Erwin Tenhumberg of Sun Microsystems is "Dispelling Myths Around ODF" on his blog. The mother of all myths comes first:
ODF is controlled by Sun
Considering how actively a company like IBM is involved in the standardization process and the whole file format debate, I doubt that IBM would allow Sun to control ODF. Nevertheless, Sun is not in the position to control ODF.
The TC accepted multiple proposals that are not implemented in OpenOffice.org, and did so without larger discussions.
Sun has only three votes out of 8 to 10 in the TC. Even if Sun wanted to prevent that certain proposals get added to the specification, Sun would not have the power to do so.
Indeed, SUN also kept a low profile in the Open XML standardization process. Consequently IBM is described by the supporters of OOXML standardization as the party that pulls all strings behind the community efforts against OOXML standardization. It seems hard to believe that a community contests Open XML because of its weaknesses that were not invented by the opponents. SUN didn't make much fuzz about the attempt to parallelize the existing International Standard with a second format specification DIS 29500. However, here Tenhumberg takes on the ECMA core argument for a second format:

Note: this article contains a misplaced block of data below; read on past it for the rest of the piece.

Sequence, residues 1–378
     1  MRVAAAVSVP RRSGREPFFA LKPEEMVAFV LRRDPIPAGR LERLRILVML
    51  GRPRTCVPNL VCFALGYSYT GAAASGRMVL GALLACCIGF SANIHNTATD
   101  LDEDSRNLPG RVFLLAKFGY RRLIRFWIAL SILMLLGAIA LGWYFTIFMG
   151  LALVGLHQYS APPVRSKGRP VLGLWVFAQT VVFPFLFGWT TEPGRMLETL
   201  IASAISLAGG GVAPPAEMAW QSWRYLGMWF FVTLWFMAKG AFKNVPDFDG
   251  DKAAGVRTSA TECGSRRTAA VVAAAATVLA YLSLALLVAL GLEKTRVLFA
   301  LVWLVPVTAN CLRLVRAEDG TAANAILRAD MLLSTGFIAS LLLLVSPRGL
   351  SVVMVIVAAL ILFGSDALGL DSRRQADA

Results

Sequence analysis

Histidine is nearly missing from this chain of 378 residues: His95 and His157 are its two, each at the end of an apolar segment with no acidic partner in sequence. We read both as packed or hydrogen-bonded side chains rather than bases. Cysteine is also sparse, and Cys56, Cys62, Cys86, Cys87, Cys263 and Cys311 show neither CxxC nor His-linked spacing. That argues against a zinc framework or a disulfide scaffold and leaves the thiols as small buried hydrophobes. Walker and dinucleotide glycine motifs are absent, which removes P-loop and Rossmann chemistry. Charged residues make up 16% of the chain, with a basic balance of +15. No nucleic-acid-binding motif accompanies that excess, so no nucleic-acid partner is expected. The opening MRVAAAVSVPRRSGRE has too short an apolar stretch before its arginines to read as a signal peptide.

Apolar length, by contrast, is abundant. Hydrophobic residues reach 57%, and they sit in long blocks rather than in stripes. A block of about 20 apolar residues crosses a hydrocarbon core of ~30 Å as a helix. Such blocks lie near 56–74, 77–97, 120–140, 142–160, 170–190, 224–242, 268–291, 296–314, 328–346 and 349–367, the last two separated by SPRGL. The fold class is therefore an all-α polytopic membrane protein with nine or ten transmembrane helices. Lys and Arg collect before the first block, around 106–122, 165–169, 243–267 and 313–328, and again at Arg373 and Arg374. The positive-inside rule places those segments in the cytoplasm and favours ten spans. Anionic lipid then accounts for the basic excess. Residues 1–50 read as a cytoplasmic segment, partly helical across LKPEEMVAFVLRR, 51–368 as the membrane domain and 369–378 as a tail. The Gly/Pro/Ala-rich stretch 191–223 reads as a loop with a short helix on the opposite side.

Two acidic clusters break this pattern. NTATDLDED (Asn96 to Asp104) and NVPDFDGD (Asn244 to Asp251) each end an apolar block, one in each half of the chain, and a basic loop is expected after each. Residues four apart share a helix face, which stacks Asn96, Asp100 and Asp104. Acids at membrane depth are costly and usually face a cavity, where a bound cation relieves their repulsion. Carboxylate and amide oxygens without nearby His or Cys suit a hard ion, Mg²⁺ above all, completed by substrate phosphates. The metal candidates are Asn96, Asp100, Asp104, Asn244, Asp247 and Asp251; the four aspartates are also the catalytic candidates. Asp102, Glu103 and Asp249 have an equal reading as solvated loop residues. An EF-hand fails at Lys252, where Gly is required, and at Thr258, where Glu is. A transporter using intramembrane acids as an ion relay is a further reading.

Many people also believe that ODF is incompatible with Microsoft Office or that Microsoft Office documents cannot be represented in ODF. As many people know, OpenOffice.org has a very high level of compatibility with Microsoft Office. Some users even use OpenOffice.org to “repair” Microsoft Office files that cannot be opened in Microsoft Office any more. Microsoft Office compability has been a key goal for OpenOffice.org for a very long time due to the current market situation. However, OpenOffice.org uses ODF as the default file format and therefore all features that currently can get imported by OpenOffice.org from Microsoft Office files can be represented in ODF. As a consequence, even though Microsoft has not been participating in the ODF TC at OASIS, ODF can already represent close to all Microsoft Office features that someone typically uses for the creation of day-to-day documents.